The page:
Death of a major opera player

Spanish media have reported the death of Helga Schmidt, long-standing artistic advisor at Covent Garden and founder of the contentious  Palau de les Arts in Valencia. She was 78 and was embroiled in an interminable legal struggle to clear her name in Spain.

Helga, who knew Wilhelm Furtwängler, Karl Böhm, Dimitri Mitropoulos and Clemens Krauss at her Austrian childhood home, formed close friendships with the conductors Lorin Maazel and Zubin Mehta and especially with the singer Placido Domingo, who spoke out for her when she faced politically motivated charges of corruption in Valencia.

She was the ultimate establishment figure at the heart of the opera business, one who placed the needs of artists above all other priorities and there were concerns in London that her influence contributed to Covent Garden’s stagnation in the 1980s.

But no-one could put together a star cast more effectively than Helga and her standards were never compromised. The orchestra she formed in Spain for Maazel was the best that country has ever heard.

Her last years were dogged by arrests, passport confications and legal expenses as Valencia’s mayor turned against the arts centre. She spent hours on the phone with Slipped Disc, producing documents that she was sure would clear her name. Now death has robber her of that chance.

 

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  • Tragic. Gerard Mortier met a similar fate as the result of his experience in Spain. He was unceremoniously fired from Madrid’s Teatro Real and passed away shortly after. Helga was not only fired from Les Arts Opera in Valencia, but also hauled to court on charges of fraud, which is ridiculous. Her case was set to go to trial just one month from now. Les Arts is fraught with financial problems which have nothing to do with her. The Valencian politicians needed a scape goat. Her absence has solved absolutely nothing with their financial crises. Les Arts remains a mess.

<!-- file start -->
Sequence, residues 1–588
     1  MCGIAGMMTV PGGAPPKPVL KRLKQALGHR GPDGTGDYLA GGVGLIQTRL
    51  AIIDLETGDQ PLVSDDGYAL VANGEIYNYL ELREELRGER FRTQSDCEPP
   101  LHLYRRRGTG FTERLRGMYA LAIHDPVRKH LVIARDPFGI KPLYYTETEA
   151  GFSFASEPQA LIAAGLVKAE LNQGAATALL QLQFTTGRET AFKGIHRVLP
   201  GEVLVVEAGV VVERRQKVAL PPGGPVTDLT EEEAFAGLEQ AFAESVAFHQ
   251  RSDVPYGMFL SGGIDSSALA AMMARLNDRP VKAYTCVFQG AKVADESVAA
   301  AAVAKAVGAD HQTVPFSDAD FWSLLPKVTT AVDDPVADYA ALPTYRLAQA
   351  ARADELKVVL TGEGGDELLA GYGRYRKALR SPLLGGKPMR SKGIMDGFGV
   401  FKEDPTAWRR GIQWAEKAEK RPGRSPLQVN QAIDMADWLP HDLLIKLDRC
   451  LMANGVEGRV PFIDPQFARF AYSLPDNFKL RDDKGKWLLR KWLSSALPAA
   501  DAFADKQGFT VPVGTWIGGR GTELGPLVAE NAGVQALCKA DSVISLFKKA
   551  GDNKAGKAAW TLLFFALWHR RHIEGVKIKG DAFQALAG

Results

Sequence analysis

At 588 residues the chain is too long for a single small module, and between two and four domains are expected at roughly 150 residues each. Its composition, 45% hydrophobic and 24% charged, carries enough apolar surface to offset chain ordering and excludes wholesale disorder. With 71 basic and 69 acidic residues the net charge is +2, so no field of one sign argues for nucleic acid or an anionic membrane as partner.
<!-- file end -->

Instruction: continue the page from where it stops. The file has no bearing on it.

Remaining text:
Spain wants so much to take its place in the international opera world, and twice now has imported world class opera intendentes – Mortier and Schmidt – and then completely destroyed them. They both ended up fired and dead shortly afterwards.

    Helga Schmidt’s case is particularly tragic. Mortier left this world kicking and screaming and defending himself like the fiesty character he always was, right up until his death.
    Helga just withered away, probably in large part from grief. The police and courts were unreasonably hard on her, at first not even allowing her to return to her native Austria to await trial. She was under house arrest in Valencia for about a year, if I recall correctly. A 78 year old woman, in failing health, not allowed to return to her home. I believe she had to prove medical necessity to return home to Austria.

    This is a woman who once managed the Royal Opera at Covent Garden. She was treated by Spanish police like a common criminal, simply because politicians believed she’d taken too many liberties with the public funds in the execution of her responsibilities as manager of Les Arts Opera House.

    This sad ending bodes poorly for Spain. Their politicians appear to be ignorant, naive and unfeeling.It’s unthinkable that any govt. or police system would treat an elderly, ill woman as they did Helga Schmidt. She was a person of great culture and was well regarded in the opera world. She brought Les Arts into the spotlight with outstanding productions and international talent. Spain threw her to the dogs.

    Let this be a lesson to any top international opera managers considering a career move to Spain. Remember Gerard Mortier. Remember Helga Schmidt. Never forget what happened to them. Rest in peace, dear Helga.

  • Helga Schmidt was a positive force at Covent garden. her operatic knowledge, casting wisdom were a tremendous asset.

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